“Instead of engaging in conversation with those sitting next to us, we text, email, and chat with people nowhere near our bodies. This prioritising of technology … promotes the idea that in-person relationships are cumbersome and time consuming — better to be dealt with online, or, even better, not at all.”
Even cult dating bible The Rules has just been rewritten for the Facebook Generation.
“On the one hand, Facebook, Twitter and all these other sites are great,” says Jennifer Haskins of Two’s Company, a nationwide introduction agency. “You can come home in the evening, switch on your computer and suddenly you’re connected to hundreds of people. But they’re kind of nameless, faceless people you don’t know and will probably never meet. The traditional date is very important to what we do, and I think people still want to do that.
“There’s a grey area as to what constitutes a date,” she adds. “It’s definitely a generational thing. Older clients generally prefer a more formal dinner date, whereas younger clients prefer to go for a casual drink.
“That’s why we leave it up to the individuals to arrange whatever they’re most comfortable with.”
“Online dating is skewing how relationships are being formed,” agrees INTRO’s Rena Maycock.
“People are misrepresenting themselves by putting up old photos or lying about their height.
“On top of that, it seems to be quite difficult to get to the actual face-to-face meeting — either because the person is not actually available for a relationship in the first place, or they don’t really know how to behave when they’re not hiding behind a computer screen.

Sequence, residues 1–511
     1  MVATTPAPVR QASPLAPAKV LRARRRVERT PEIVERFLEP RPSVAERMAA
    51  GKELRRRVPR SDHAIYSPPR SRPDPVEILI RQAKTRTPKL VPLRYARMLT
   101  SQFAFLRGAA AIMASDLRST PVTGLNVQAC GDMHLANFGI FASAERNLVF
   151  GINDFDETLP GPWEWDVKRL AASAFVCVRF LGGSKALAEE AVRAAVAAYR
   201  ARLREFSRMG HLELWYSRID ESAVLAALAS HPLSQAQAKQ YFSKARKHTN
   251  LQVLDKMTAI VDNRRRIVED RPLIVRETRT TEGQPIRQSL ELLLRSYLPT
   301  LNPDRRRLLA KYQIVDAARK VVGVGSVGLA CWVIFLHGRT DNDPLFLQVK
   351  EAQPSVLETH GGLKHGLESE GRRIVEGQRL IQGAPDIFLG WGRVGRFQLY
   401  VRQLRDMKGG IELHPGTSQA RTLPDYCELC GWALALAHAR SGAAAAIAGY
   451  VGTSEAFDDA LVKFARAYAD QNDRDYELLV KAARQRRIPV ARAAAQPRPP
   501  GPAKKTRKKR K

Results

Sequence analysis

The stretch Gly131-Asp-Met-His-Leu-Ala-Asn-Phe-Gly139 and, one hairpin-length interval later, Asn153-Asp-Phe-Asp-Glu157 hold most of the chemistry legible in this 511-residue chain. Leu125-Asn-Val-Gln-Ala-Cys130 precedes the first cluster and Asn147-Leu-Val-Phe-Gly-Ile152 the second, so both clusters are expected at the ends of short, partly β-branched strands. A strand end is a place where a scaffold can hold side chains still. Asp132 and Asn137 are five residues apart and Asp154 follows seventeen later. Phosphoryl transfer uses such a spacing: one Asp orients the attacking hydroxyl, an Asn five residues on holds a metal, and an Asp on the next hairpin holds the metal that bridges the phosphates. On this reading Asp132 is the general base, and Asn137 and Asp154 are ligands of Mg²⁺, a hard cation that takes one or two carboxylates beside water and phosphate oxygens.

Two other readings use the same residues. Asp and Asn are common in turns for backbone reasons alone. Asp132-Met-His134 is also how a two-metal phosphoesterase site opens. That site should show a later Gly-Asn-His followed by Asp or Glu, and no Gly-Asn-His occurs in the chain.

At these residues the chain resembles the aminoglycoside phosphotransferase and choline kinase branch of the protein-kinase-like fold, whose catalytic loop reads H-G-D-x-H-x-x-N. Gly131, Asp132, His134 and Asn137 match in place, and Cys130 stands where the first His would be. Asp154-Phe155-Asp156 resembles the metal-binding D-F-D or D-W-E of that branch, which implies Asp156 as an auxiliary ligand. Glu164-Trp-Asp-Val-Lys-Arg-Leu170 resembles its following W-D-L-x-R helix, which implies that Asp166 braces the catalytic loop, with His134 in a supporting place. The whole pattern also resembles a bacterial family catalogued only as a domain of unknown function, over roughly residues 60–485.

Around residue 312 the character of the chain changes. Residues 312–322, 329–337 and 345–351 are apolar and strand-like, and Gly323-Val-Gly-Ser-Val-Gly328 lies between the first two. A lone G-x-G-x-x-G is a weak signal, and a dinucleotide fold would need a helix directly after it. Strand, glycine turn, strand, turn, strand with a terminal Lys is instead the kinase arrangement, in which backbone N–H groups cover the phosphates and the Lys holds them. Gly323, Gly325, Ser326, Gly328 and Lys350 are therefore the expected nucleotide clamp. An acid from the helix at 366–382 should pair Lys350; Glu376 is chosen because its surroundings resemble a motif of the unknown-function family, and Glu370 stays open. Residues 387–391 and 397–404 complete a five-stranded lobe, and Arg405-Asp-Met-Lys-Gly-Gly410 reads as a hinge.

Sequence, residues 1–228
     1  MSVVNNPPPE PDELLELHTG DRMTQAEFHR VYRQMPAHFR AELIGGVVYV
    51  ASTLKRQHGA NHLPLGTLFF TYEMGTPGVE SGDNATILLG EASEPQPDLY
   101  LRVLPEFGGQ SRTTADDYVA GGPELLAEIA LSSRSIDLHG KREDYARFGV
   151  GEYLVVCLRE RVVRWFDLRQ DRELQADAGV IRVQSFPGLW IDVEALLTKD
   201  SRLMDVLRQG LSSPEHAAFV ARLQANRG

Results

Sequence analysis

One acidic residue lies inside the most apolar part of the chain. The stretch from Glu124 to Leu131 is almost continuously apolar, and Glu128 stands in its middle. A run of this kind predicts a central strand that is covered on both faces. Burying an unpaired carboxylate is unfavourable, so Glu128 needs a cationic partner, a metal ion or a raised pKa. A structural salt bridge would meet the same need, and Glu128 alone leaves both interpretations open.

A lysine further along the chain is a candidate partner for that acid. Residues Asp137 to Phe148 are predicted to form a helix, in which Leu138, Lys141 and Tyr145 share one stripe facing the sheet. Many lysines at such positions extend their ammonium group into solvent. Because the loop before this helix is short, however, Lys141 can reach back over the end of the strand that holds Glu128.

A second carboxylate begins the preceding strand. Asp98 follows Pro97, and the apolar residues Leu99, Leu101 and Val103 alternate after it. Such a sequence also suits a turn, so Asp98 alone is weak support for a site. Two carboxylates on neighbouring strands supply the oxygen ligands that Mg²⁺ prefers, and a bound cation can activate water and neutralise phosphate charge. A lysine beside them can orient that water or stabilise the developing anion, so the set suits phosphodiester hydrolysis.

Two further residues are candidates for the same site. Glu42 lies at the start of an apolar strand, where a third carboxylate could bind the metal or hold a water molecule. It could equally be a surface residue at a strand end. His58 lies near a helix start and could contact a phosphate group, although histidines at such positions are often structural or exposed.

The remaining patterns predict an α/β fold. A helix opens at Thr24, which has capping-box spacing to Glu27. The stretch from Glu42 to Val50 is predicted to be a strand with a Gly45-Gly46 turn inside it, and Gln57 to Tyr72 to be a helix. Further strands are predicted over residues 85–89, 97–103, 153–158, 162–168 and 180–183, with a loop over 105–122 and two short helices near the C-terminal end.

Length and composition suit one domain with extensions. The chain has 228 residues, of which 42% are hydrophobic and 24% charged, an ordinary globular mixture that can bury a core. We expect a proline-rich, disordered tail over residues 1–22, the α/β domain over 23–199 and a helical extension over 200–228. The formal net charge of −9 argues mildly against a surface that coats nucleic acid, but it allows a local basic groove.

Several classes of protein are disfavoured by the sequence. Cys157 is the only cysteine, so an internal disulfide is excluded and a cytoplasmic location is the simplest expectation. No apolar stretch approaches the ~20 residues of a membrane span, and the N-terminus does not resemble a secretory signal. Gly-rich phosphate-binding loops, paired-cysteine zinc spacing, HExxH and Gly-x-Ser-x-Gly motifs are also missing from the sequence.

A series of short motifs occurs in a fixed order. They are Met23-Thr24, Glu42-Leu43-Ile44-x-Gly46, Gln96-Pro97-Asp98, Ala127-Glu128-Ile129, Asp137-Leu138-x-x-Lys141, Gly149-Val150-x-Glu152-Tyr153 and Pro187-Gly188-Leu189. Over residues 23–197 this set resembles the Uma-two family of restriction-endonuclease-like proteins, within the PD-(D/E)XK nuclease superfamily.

“You have to contact an awful lot of people to weed out the time-wasters — it’s like throwing as much muck at the wall as possible and hoping some will stick.”
With singletons casting the net wider than ever before, there’s another, more practical reason why we’re rethinking old dating rituals.
For victims of the “mancession“, in particular, wining and dining dates in some fancy new restaurant is no longer an option.
“Recently, a guy came to me from another agency where he had already spent €1,000 on dates,” says Jennifer Haskins of Two’s Company.
“With dinner dates, men ask: ‘Well, do I pay?’ “Some men would see that as making an investment before they even know if they want to take it any further.
“Meanwhile, the woman can feel obliged to meet him again or reciprocate.”
“To me, that’s getting complex,” she adds.
“We need to keep it simple so that two people are sitting down engaging in conversation without any other distractions.
“I usually advise clients to go for a drink and, if you pick up the vibe, you can always say: ‘Fancy a bite to eat?’”
Nerve-wrecking, expensive and rife with gender politics, is the death of the date such a bad thing after all?
“In my opinion the traditional ‘dinner and a movie’ date is not a good idea anyway,” says dating coach Stephen Nolan of Kama Lifestyles, which promises to help men ‘get good with women’.
“There is too much pressure straight away.
“That said, you should avoid non-dates like the plague too — it just shows lack of backbone and you will only end up in the dreaded best friend category.
“ Irish people tend to limit their interaction with strangers to Saturday night in a drunken environment, or online,” he adds.
“The advantage of meeting people in person rather than on Facebook is that you can tell straight away if there is a ‘spark’ — saving you months online if it doesn’t work out.
“People don’t realise the romantic opportunities that surround them every day — the love of your life could walk by you in the street.”
Originally Published by: Irish Examiner Ltd. © All rights reserved